Not such a nice hack, Nice Pack

One of the most prevalent scripts used to compromise legitimate web sites over the past few months is something Sophos’s products block as Mal/Iframe-W.

The threat name describes the payload – an iframe, injected into otherwise-innocent web pages, to load content from a remote site. In this article, I will elaborate a little more on the threat, and how it is being used to infect users.

The JavaScript that is injected into legitimate sites is heavily obfuscated. Depending upon exactly how the site has been hacked, the script may be injected anywhere within the page. In the following example, it has been injected at the end of the page.

The script obfuscation uses a variety of anti-emulation tricks, in an attempt to evade generic detection, and break automated analysis systems.

Once deobfuscated, the script payload is obvious: an iframe to load further malicious content.

Websites all over the world have been hit in these site defacements. Last week, their victims included the French site of a global car manufacturer. (Following our notification to them, the site has now been cleaned up.)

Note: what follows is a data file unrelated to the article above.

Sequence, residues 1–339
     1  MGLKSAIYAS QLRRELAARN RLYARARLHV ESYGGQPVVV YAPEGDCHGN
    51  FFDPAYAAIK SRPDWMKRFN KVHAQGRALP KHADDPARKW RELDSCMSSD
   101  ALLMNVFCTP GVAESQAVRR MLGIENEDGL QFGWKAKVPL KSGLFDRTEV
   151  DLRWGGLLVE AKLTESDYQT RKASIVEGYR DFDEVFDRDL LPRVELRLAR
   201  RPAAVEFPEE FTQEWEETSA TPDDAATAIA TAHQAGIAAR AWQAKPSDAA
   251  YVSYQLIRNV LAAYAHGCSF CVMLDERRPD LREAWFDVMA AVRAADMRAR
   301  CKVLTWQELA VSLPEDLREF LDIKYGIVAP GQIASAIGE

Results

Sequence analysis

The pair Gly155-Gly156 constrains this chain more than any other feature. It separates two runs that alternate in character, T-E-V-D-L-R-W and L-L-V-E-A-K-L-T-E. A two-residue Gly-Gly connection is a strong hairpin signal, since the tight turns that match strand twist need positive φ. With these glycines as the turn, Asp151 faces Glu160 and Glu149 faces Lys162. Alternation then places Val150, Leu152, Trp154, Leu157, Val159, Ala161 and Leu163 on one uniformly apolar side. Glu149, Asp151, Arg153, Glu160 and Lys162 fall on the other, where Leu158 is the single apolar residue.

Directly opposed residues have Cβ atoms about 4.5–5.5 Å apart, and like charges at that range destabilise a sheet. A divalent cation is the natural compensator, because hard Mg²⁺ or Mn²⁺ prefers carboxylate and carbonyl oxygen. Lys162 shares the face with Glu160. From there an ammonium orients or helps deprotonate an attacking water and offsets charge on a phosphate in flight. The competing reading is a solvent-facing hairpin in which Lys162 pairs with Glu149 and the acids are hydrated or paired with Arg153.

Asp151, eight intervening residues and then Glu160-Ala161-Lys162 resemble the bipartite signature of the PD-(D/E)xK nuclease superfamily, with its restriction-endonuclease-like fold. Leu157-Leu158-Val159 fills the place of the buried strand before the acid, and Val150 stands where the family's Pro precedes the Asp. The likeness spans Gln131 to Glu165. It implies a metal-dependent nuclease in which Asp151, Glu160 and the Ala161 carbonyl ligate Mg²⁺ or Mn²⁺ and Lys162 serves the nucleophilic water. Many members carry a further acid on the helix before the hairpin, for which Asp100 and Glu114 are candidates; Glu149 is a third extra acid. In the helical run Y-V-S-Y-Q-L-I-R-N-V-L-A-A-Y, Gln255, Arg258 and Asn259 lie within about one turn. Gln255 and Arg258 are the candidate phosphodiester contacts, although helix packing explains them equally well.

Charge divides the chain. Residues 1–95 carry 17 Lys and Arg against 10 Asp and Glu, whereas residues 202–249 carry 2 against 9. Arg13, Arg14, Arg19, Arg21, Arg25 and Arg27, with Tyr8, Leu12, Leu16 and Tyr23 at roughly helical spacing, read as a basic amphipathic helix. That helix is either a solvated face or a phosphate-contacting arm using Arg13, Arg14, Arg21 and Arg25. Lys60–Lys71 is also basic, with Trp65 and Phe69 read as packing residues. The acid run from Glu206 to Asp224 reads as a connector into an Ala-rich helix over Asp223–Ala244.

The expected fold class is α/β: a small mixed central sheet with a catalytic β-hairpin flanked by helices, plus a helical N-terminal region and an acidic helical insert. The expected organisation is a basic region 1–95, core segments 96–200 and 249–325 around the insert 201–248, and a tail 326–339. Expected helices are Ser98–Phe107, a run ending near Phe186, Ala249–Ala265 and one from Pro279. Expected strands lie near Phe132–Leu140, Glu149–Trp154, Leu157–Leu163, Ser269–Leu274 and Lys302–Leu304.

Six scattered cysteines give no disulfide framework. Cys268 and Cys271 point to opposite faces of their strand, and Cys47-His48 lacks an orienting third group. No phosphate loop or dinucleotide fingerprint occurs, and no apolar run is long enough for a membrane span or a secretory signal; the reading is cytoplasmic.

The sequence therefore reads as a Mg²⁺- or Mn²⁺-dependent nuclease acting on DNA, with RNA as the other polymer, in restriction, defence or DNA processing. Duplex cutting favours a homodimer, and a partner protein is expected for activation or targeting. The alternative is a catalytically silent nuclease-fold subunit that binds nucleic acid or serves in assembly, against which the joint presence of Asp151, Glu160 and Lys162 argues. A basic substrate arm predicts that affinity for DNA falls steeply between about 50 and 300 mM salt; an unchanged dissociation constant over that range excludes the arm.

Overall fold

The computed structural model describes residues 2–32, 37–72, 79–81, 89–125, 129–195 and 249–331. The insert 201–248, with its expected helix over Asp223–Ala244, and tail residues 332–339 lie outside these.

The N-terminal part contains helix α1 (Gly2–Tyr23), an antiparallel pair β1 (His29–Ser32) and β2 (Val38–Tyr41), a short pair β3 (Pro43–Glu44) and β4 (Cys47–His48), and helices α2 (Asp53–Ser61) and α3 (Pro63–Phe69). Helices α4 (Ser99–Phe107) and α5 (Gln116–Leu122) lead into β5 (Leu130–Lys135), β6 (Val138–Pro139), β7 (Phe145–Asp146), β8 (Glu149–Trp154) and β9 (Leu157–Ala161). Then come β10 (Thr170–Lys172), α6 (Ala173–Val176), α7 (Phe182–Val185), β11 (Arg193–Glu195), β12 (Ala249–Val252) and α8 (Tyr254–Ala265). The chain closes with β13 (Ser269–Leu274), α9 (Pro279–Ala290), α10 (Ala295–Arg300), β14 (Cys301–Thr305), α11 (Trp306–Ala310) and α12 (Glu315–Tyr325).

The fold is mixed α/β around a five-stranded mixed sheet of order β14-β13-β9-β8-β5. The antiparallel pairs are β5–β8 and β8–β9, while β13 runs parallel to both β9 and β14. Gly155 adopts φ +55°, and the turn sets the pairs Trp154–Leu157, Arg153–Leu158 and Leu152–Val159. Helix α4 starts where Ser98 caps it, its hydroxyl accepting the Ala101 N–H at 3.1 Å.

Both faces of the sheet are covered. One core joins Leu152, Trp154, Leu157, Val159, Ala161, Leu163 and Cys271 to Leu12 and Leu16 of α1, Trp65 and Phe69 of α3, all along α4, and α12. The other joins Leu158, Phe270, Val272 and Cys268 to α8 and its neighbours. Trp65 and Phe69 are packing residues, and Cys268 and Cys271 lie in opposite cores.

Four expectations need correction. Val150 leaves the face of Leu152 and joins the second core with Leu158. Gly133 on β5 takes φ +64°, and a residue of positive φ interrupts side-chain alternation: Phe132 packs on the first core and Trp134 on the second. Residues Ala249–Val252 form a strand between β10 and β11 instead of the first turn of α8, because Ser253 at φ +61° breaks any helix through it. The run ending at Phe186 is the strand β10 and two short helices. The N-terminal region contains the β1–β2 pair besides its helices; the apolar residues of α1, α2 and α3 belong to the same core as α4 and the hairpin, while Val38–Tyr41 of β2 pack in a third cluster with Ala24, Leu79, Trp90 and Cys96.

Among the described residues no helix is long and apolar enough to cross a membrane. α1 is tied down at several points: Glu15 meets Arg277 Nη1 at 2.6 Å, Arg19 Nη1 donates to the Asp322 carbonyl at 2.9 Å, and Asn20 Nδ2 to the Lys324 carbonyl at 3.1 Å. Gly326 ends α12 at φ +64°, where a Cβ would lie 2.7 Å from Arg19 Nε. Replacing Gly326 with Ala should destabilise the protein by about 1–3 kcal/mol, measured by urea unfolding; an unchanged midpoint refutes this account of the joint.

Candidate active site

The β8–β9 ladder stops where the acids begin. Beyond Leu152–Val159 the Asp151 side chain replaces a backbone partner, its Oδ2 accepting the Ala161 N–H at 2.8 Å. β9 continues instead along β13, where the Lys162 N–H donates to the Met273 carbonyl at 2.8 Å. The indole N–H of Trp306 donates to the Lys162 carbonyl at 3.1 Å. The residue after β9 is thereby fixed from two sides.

Historically, Mal/Iframe-W has been use to drive traffic to Blackhole exploit sites (similar to here), in order to infect users with a variety of payloads.

In the last couple of weeks however, I have seen Mal/Iframe-W being used to send traffic to a different exploit kit – one known as ‘Nice Pack’. The attack is being used to infect users with a threat called ZeroAccess, a nasty rootkit.

As you can see, SophosLabs protects against these attacks on multiple levels, by:

  • tracking and blocklisting all sites known to be associated with this threat,
  • blocking compromised web pages as Mal/Iframe-W,
  • blocking the TDS redirect script as Mal/Iframe-W,
  • blocking the Nice Pack exploit site as Mal/ExpJS-Y, and
  • detecting the ZeroAccess dropper as Troj/Sirefef-P, or generically as Mal/FakeAV-IS.

Of course, exploit kits are typically distinct from the payloads they are being used to infect users with. It is the familiar drive-by download model, where hackers looking to infect users with some specific malware simply:

  • purchase the kit to construct and manage the exploit site,,
  • purchase the user traffic, and
  • profit from users who get infected with their malware.

The traffic directing server (TDS) illustrated in the above flowchart emphasises how the user traffic is a commodity. This server is under the hacker’s control, and so by injecting legitimate sites such that they connect to the TDS, the hacker is able to control the final destination of that traffic. It can be sold to other hackers, who own and manage the exploit sites.